Sir Godfrey Gregg D.Div
Have you asked God for something—a job, a pay raise, or the resolution to a problem—but his answer has yet to come? Even if you asked with the right motives, are you still waiting for God to act? David expresses this sentiment in Psalm 69:17 when he calls out to God: “Answer me quickly, for I am in trouble.”
God always has good reasons for delaying. Consider the following four:
God delays because his ways are not your ways.
“For my thoughts are not your thoughts, neither are your ways my ways declares the Lord. As the heavens are higher than the earth, so are my ways higher than your ways and my thoughts than your thoughts” (Isaiah 55:8–9).
God’s ways are higher. Trust that he has a divine purpose for his delay. Your viewpoint is limited, but God sees all things. Proverbs 3:5 says, “Trust in the Lord with all your heart and lean not on your own understanding.” God may be putting everything in place before revealing his answer to you.
God delays so you can demonstrate your faith.
Galatians 6:9 tells you how to wait for God: “Let us not become weary in doing good, for at the proper time we will reap a harvest if we do not give up.”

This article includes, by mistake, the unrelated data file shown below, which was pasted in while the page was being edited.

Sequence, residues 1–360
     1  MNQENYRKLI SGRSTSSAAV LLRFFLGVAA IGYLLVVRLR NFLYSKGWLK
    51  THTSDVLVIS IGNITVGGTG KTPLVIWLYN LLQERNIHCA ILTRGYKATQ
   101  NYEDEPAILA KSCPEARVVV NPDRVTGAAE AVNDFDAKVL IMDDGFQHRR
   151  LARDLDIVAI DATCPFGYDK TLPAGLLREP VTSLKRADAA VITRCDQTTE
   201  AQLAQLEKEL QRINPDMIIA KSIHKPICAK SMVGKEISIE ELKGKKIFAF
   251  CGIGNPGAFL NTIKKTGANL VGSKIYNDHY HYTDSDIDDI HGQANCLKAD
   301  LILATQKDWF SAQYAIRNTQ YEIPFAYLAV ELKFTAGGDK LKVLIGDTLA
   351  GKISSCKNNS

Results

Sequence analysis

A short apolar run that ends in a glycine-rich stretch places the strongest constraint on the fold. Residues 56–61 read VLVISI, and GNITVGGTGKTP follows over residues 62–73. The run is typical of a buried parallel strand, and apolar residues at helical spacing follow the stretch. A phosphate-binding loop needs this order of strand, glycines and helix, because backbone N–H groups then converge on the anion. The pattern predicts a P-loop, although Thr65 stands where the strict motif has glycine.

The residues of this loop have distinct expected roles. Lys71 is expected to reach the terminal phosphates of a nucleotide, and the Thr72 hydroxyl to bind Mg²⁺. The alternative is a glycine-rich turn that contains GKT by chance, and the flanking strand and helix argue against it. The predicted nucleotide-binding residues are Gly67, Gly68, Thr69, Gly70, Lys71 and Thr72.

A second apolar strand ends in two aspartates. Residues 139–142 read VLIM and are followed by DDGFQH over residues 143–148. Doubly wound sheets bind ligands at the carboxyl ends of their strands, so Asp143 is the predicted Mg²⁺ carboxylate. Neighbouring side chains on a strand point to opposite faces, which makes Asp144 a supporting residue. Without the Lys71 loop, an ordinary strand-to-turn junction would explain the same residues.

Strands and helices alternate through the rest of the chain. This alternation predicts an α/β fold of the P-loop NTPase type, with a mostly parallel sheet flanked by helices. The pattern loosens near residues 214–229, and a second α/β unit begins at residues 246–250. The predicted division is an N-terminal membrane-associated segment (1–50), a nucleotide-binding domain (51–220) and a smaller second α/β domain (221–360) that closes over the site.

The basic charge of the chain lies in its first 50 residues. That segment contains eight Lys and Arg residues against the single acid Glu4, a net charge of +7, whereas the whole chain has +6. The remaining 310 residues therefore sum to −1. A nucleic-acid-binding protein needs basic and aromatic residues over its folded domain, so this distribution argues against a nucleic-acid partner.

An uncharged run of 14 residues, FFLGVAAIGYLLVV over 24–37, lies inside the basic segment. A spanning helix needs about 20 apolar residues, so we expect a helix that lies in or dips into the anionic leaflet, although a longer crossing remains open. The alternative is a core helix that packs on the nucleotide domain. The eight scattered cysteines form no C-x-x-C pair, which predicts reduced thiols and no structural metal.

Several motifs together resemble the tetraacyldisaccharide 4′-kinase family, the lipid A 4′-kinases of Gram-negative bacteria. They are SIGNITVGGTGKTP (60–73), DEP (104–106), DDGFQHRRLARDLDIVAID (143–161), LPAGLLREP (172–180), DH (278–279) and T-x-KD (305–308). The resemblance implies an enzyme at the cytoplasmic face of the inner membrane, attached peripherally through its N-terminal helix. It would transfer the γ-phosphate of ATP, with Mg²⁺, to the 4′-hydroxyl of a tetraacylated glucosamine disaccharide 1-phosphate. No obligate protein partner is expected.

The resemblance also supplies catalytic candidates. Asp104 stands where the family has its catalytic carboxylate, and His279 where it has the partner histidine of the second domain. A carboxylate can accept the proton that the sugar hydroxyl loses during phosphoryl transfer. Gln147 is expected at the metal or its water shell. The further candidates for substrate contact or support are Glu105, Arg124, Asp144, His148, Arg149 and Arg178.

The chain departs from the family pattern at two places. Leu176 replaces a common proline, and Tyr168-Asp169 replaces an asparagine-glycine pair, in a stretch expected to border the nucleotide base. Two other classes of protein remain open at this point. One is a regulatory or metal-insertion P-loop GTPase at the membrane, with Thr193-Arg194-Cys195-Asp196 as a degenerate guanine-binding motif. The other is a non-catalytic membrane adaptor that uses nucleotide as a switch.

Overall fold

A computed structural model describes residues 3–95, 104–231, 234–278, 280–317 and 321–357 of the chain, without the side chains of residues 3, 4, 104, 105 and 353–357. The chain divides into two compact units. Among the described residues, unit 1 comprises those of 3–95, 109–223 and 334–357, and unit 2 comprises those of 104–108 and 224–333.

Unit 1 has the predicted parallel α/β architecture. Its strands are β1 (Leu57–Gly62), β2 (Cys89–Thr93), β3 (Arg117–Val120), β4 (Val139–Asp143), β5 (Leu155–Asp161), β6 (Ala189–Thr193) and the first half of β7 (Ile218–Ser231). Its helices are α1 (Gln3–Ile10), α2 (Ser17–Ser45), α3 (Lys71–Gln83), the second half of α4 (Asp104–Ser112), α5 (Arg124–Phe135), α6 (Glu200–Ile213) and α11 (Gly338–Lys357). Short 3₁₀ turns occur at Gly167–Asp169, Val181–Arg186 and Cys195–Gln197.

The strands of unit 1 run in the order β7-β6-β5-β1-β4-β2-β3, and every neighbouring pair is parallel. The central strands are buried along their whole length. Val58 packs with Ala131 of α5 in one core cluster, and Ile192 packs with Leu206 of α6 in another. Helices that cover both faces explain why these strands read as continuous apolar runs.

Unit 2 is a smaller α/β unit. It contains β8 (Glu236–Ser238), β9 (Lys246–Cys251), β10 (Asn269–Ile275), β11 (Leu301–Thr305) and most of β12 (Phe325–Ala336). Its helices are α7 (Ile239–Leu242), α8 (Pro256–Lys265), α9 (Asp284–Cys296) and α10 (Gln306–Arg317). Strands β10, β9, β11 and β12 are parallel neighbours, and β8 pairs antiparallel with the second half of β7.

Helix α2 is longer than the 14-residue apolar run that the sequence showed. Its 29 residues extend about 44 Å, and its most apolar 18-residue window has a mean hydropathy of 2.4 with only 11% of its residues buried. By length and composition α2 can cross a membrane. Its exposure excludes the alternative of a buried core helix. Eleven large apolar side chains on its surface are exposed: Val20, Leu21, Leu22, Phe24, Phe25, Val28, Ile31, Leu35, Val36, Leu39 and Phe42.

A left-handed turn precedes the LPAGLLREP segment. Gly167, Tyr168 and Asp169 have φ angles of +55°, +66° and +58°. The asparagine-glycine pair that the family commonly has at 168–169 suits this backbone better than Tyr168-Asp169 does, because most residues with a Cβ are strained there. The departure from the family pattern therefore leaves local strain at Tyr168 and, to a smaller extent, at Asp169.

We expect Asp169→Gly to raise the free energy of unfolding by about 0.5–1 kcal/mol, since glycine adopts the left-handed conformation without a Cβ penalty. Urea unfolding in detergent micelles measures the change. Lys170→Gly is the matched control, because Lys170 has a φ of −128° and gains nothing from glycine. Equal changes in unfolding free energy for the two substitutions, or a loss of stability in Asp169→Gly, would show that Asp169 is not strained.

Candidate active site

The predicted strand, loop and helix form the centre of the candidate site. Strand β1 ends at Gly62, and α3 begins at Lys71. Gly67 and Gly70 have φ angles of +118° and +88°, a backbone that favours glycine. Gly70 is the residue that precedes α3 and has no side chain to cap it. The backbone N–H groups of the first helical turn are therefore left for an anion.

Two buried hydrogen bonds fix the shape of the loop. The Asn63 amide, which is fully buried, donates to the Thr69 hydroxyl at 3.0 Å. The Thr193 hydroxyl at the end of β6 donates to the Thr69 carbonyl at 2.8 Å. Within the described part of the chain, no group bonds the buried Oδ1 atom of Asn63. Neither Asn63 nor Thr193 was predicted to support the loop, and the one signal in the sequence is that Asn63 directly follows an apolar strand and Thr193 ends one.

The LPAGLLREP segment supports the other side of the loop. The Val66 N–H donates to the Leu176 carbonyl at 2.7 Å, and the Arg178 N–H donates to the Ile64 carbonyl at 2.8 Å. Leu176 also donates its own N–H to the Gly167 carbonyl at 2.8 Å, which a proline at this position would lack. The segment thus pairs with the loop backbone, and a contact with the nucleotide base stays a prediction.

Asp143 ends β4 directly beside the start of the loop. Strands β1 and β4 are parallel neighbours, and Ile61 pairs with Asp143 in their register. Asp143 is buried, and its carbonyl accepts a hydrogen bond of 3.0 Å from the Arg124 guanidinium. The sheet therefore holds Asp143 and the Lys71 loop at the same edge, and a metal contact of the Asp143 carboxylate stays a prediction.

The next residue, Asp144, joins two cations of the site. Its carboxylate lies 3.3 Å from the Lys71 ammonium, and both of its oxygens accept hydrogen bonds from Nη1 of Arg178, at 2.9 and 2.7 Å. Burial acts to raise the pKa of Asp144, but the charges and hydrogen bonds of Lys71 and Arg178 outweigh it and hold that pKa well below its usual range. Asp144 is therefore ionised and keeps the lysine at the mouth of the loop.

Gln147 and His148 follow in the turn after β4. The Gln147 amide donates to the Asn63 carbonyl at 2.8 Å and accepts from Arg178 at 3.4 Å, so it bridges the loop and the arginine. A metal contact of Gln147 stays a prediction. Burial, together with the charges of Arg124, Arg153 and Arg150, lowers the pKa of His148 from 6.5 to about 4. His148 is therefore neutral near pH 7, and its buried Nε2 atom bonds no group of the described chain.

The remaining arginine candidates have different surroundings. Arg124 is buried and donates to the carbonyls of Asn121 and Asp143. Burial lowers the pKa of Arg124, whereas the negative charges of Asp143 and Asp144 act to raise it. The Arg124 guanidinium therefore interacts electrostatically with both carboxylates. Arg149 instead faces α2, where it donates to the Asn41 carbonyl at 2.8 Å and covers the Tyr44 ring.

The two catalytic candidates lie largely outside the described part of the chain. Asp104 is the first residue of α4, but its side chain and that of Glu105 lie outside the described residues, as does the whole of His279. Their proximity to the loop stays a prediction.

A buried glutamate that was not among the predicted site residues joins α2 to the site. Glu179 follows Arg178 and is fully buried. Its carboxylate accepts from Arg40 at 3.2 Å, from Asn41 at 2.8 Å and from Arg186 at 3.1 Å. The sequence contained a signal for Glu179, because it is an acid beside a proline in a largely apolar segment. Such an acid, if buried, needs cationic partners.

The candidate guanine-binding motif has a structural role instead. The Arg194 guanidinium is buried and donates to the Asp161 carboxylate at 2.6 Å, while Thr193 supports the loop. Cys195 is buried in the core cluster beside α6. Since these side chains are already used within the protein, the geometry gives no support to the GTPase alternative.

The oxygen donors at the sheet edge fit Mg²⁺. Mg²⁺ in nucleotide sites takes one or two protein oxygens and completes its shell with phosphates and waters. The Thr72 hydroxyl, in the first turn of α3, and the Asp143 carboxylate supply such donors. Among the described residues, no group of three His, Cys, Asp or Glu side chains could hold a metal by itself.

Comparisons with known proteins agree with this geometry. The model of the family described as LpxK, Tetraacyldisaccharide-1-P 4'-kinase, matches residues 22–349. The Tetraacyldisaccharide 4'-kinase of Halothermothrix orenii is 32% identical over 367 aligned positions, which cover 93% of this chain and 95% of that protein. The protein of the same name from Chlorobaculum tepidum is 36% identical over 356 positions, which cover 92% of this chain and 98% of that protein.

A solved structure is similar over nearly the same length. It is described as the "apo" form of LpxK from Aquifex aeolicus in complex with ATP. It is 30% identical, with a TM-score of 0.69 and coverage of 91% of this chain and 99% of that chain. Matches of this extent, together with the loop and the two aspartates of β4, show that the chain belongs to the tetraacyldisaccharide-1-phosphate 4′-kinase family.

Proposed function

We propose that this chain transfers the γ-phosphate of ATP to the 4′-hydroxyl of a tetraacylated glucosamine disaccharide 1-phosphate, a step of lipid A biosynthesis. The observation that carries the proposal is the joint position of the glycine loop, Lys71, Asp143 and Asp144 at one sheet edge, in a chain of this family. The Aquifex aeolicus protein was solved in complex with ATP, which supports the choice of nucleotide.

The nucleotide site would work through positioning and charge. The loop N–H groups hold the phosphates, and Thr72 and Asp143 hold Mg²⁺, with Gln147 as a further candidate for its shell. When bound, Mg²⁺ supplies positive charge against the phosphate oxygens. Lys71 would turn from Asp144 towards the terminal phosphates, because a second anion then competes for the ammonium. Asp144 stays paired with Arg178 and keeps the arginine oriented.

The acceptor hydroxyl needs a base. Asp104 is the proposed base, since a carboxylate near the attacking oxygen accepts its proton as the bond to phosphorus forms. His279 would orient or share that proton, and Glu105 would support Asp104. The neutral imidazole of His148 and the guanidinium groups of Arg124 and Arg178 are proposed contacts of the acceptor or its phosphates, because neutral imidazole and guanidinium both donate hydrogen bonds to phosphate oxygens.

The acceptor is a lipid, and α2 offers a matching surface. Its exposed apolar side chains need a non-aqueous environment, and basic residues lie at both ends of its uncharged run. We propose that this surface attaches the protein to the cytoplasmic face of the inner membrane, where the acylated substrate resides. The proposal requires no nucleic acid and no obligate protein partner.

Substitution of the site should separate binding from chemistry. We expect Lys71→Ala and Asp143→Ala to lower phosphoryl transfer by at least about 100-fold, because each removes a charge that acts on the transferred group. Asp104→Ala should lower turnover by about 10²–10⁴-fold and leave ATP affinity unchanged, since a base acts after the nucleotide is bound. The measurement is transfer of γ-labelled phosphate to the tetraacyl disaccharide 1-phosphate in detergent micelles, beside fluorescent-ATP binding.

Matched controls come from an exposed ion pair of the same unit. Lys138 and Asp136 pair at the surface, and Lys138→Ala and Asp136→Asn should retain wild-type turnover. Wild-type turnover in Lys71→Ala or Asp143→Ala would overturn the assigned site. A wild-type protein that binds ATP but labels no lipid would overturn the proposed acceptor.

Respond to God’s delay with faith, not doubt. God guarantees a harvest, and it will arrive at the proper time. Hebrews 10:36 says, “You need to persevere so that when you have done the will of God, you will receive what He has promised.”
To persevere is to endure with an expectation of victory.
God delays so he can bless your waiting.
Isaiah 30:18 promises, “Yet the Lord longs to be gracious to you; he rises to show you compassion. For the Lord is a God of justice. Blessed are all who wait for him!”
Those who wait for God will be blessed by God. God will take care of you and show you his compassion while you are waiting for him. He will be gracious, which conveys the word picture of God descending from above to personally show you his kindness.
God delays so he can be glorified in the end.
John 11:4 says, “When he heard this, Jesus said, ‘This sickness will not end in death. No, it is for God’s glory so that God’s Son may be glorified through it.’”
This verse is part of a broader passage in John 11:1–43 concerning the death and resurrection of Lazarus. When Lazarus was sick, Jesus purposefully delayed in going to him. During the delay, Lazarus died. Jesus ultimately resurrected Lazarus, which was a manifestation of Jesus’s glory for all to see.
Christians are still talking about this miracle today. God’s miracles validate his word.
In John 11:40, at the end of the Lazarus story, Jesus says, “Did I not tell you that if you believed, you would see the glory of God?”
God’s delay is not his denial.